The biggest factor in influence
So many of my clients ask me about influence. They want to know how to better personally influence others or how to train their managers on influence and engagement.
The answer is simple but not easy.
The simple answer is to make people WANT to help you.
Don’t be THAT guy
Here is what I mean.
Think about when you are really busy and you are in your office working on something — and how there are some people who, when you see them coming, you are still glad to see them — even if they ask you to do something for them.
Then there are other times when you are really busy and you see someone coming, and you want to shut the lights out and hide under your desk.
If you want to have influence, make sure you are not that second guy.
What motivates influence?
Think about why you are motivated to help the first person:
The reason you don’t dread seeing the first person walk toward you is probably because the first person a friend, or is someone you know you can count on to help you, because they have shown you some generosity in the past. You actually want to help them. You are really busy but you don’t mind squeezing in the extra task for certain people.
Think about why you are not motivated to help the second person:
The reason you wish you could avoid seeing the second person is probably because they are not your friend, and they have not helped you in the past, and the only basis of your entire relationship is that this person asks you to do stuff.
Again – don’t be that guy.
The most important thing you can do to increase your influence is to expand your relationship with people beyond “the ask”.
Getting beyond “the Ask”
Think about the person in your work, right now, who you need to get information from, or cooperation from, and they are just not helping. Then think about your relationship with that person.
How much relationship do you have over and above your asking them for things?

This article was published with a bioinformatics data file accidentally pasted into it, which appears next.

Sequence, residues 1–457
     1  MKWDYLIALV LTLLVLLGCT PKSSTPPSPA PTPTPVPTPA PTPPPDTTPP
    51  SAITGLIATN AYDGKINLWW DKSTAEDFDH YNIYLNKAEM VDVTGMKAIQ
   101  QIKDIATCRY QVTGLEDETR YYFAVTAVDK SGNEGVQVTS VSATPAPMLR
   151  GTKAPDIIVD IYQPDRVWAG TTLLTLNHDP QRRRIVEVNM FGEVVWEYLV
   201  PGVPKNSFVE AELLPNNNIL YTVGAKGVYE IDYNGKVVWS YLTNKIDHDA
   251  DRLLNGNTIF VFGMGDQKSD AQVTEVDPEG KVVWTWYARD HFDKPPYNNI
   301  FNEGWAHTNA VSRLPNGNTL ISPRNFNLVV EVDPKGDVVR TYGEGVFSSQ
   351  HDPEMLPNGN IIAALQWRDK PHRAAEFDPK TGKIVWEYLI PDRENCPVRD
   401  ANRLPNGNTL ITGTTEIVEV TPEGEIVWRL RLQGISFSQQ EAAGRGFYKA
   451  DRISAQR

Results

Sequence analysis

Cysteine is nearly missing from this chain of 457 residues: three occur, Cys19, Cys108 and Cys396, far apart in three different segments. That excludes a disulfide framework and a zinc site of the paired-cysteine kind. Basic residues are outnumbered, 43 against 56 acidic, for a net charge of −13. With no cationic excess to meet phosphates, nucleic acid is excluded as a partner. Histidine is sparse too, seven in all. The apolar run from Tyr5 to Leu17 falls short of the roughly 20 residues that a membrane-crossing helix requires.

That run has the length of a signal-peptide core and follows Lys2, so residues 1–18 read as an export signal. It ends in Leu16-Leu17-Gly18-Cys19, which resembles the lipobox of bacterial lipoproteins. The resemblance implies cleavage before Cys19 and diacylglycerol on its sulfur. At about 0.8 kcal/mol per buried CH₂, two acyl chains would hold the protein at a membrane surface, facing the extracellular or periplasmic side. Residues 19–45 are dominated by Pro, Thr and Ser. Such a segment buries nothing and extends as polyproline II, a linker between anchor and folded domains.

If the answer is none, that is the problem. (And by the way, you are THAT guy.)
If you need to influence someone, think first about being generous to them. Take the time to get to know them. Understand their schedule and their pressures, so that you can ask at the right time. Offer to help them. Learn about their background, learn about their goals. Learn about their family or their hobbies. Give them something of value.
Become the person that they look forward to see coming into their office.
Build your extra team
The most successful people have the most people helping them.
You should always be putting effort into building a team of people around you that is motivated to help you. I see this with all successful people. They always seem to have an army of supporters, whether or not those people work for them.
The way to do this is to make time for networking and to think about being generous and helpful to people around you. You are not the only one who is really busy.
Remeber, your tasks (that are so important to you) are not as personally important to others.
The way to influence people to care about your tasks, is to first get them to care about YOU. And you do that by first caring about them.
Some people react to this idea as being political and therefore a bad thing because you are giving only to get something in return.
I prefer to think of this simply as being generous because it’s a good and right thing to do. And it’s quite fundamentally, a positive and necessary element of being effective in your job.
Here are specific, practical ideas to build your extra team.
Invest before you need anything
If want to have more influence, you need to put in the effort to build a network ahead of time.
It’s important to build a relationship before you try to use a relationship.
How will you expand that relationship beyond “the ask”?
What do you think?
Join the conversation about this on my Facebook page.
Was this useful?
If you found this article useful, please help me share it with others and encourage them to subscribe to this Blog for free.
Patty Azzarello is an executive, best-selling author, speaker and CEO/Business Advisor.
She became the youngest general manager at HP at the age of 33, ran a billion dollar software business at 35 and became a CEO for the first time at 38 (all without turning into a self-centered, miserable jerk)